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Infective Endocarditis in 60 Years Old Man

Endokarditis Infektif pada Laki-laki Berusia 60 Tahun


di RSUP Dr. Kariadi Semarang
Infective Endocarditis in 60 Years Old Man at Dr. Kariadi Hospital
Ridha Wahyutomo 1,2*
1

Department of Clinical Microbiology, Faculty of Medicine Diponegoro University/Dr. Kariadi Hospital Semarang
2
Department of Clinical Microbiology, Faculty of Medicine Sultan Agung Islamic University
*Email: drridhowahyutomo@gmail.com

Abstrak
Endokarditis infektif merupakan infeksi pada lapisan jantung, terutama pada puncak dari katup jantung yang ditandai oleh demam dan
bising jantung, dengan ataupun tanpa rasa lelah. Secara klinis dapat dibagi menjadi infeksi tahap awal, fase embolik, dan komplikasi
lanjut akibat sepsis dan inflamasi. Gambaran kasus seorang laki-laki berusia 60 tahun dibawa ke RSUP Dr Kariadi dengan keluhan
utama demam yang berlangsung kurang lebih 2 bulan. Demam disertai penurunan berat badan 3 kilogram selama 2 bulan. Dari
pemeriksaan fisik didapatkan penampilan tampak sakit sedang. Bising sistolik di area katup triskupidal, sedangkan suara paru normal.
Hasil positif koloni Streptococcus b haemolyticus dari kultur darah dari 3 sisi lengan yang berbeda dengan jeda 30 menit setiap tempat
dan swab tenggorok. Hasil ASTO, Echocardiography dan pemeriksaan fisik menunjukkan tanda endokarditis infektif. Terapi yang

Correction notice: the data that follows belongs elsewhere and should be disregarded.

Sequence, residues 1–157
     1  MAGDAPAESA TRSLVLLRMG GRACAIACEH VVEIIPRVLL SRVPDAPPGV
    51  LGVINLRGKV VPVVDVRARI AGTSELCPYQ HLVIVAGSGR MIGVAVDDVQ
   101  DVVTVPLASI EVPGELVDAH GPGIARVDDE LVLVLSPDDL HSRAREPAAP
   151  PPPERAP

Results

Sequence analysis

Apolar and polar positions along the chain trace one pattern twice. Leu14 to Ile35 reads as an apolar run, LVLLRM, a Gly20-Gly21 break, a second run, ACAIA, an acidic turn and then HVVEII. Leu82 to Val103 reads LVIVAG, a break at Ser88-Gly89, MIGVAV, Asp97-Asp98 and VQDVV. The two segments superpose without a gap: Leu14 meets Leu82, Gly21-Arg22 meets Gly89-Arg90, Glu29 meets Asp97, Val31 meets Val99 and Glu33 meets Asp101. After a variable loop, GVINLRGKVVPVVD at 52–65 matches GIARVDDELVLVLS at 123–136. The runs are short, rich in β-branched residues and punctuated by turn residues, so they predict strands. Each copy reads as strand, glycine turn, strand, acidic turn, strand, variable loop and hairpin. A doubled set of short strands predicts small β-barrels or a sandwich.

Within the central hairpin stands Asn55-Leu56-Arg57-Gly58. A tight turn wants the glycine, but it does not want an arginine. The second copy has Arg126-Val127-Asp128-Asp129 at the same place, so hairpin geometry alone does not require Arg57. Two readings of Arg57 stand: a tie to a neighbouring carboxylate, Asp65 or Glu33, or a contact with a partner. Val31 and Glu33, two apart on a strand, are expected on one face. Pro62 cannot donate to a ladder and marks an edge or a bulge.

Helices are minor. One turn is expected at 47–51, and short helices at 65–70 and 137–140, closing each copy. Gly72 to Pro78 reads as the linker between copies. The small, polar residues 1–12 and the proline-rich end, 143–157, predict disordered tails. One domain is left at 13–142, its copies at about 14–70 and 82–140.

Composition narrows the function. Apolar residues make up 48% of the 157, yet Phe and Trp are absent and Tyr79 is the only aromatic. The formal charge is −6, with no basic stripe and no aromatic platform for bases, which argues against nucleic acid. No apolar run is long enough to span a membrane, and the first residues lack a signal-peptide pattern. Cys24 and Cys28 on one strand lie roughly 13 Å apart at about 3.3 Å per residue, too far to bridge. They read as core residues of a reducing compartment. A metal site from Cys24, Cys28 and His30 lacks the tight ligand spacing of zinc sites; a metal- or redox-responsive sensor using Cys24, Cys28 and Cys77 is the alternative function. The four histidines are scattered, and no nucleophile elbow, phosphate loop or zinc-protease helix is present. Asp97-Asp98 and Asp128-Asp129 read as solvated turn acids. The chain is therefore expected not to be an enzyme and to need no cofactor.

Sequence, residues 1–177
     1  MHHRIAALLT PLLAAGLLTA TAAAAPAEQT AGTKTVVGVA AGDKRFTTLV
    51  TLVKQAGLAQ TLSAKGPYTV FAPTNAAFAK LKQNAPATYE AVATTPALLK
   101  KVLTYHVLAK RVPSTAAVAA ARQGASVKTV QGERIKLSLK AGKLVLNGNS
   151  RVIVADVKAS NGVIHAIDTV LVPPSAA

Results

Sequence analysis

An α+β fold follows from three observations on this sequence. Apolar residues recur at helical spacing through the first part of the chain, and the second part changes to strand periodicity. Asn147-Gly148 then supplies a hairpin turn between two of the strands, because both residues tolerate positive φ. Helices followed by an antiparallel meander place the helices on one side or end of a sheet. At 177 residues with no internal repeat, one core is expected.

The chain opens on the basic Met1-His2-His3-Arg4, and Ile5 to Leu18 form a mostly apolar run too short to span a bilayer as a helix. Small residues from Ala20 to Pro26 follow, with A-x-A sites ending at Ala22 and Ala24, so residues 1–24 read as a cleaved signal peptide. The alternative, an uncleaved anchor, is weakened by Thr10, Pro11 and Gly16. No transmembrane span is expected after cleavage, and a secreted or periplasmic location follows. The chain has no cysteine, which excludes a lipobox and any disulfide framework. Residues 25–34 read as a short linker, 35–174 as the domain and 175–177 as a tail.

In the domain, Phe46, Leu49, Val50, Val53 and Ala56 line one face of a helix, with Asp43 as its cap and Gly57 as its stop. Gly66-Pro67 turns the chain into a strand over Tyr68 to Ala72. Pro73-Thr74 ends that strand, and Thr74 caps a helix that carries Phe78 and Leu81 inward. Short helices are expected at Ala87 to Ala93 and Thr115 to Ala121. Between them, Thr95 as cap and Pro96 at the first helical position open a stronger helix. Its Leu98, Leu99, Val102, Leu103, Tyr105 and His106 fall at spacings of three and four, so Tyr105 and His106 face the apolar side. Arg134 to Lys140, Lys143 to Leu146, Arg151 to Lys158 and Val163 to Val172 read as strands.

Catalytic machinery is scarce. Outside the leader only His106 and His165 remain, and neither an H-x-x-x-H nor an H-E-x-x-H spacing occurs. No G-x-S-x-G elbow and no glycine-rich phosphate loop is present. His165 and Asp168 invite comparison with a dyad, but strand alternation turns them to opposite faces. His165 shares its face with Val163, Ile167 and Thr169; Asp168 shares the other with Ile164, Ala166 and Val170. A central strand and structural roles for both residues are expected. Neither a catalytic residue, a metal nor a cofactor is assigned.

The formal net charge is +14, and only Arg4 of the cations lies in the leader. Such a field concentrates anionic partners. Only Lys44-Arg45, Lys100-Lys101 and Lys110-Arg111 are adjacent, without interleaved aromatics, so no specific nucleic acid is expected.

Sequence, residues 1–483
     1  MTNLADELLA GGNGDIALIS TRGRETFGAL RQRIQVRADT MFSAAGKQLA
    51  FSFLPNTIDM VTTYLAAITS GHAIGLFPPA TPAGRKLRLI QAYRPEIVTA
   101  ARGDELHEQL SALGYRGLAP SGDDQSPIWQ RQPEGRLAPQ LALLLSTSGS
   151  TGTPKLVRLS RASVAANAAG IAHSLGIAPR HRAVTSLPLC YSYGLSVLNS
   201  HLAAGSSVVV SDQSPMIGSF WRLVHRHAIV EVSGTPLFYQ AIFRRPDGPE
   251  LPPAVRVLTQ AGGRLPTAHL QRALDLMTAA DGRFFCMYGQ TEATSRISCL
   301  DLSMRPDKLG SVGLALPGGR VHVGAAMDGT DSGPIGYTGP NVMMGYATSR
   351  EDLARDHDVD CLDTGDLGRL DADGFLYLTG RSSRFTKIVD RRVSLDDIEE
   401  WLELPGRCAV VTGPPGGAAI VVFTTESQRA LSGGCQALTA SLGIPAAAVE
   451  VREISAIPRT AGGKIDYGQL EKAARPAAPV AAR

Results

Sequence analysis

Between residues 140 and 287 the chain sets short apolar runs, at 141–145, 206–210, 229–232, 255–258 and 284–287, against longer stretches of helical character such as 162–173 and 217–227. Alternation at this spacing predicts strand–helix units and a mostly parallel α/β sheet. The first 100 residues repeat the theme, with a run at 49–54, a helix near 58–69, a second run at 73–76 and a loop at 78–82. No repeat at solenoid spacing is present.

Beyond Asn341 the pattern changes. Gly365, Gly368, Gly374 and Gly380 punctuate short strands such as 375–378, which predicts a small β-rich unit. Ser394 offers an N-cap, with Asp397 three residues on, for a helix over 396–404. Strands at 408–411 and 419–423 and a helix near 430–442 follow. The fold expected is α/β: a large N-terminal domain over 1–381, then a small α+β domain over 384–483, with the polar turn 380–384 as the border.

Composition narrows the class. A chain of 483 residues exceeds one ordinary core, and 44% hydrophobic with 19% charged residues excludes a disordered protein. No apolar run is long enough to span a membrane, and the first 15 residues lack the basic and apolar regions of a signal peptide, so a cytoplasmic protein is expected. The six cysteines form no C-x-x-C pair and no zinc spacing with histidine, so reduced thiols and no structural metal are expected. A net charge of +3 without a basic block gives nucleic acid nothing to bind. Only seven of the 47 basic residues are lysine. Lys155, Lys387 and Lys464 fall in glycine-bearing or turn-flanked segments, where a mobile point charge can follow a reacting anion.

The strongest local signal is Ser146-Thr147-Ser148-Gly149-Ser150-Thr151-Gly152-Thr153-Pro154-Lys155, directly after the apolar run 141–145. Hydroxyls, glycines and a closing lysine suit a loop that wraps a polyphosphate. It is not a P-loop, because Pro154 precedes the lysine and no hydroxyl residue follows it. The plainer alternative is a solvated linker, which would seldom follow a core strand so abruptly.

diberikan Ceftriaxone 2 gram per hari. Setelah hasil kultur negatif dan ada perbaikan klinis, pasien dirawat jalan dengan program
tetap mendapatkan Ceftriaxone 2 gram per hari untuk 4 minggu. Diskusi keputusan pengobatan berdasarkan manifestasi klinik dan
pemeriksaan mikrobiologi yang dilakaukan pada saat masuk ke instalasi gawat darurat. Kultur darah menggunakan 3 botol kultur
yang diberi jarak 30 menit pada setiap tempat pengambilan merupakan prosedur yang penting untuk endokarditis infektif. Lebih lanjut
swab tenggorok juga dilakukan untuk konfirmasi endokarditis. Pada akhirnya kultur menunjukkan tidak ada pertumbuhan setelah hari
ke delapan perawatan. Kesimpulan metode kultur darah yang spesifik merupakan hal penting untuk diagnosa endokarditis infekstif
dan sangat membantu klinisi dalam manajmen perawatan. Pada akhirnya peran spesialis mikrobiologi klinik tidak hanya membantu
diagnosa namun pada pengobatan dalam hal pemilihan antibiotik yang tepat sesuai klinis penderita.
Kata kunci : endokarditis infektif, Streptococcus b haemolyticus, kultur darah, pemakaian antibiotik yang tepat
ABSTRACT
Infective endocarditis is an infection of the lining of the heart, particularly the cusps of valves characterized by fever and heart murmur, with or without
malaise and fatigue. Clinical features can be divided into early manifestations of infection, embolic events, and late complications of sepsis and inflammation.
It was reported that 60 years old man was brought to Kariadi hospital with prolong febris as his chief complaint. Patient has history of high grade fever
and accompanied by weight loss, 3 kilograms for about 2 months. From physical examination result, in internal ward, we found he looked moderate ill.
Heart systolic bruit at triscupidal valve and lungs were within normal limit. The result of blood culture from 3 different sites and throat swab culture were
possitive, lead to the performance Streptococcus b haemolyticuss colonies. From the result of the ASTO, Echocardiography and physical examination show
infective endocarditiss sign. The theraphy was Ceftriaxone 2 gram daily. Having obtained the results of negative cultures, and show an improvement of
symptoms, finally the patient was getting improvement clinically and then treat as an outpatient. Patient was programmed to get Ceftriaxone 2 gram daily
for 4 weeks. The decision of treatment not only from clinical manifestation but also from microbiology examination on the first admission in emergency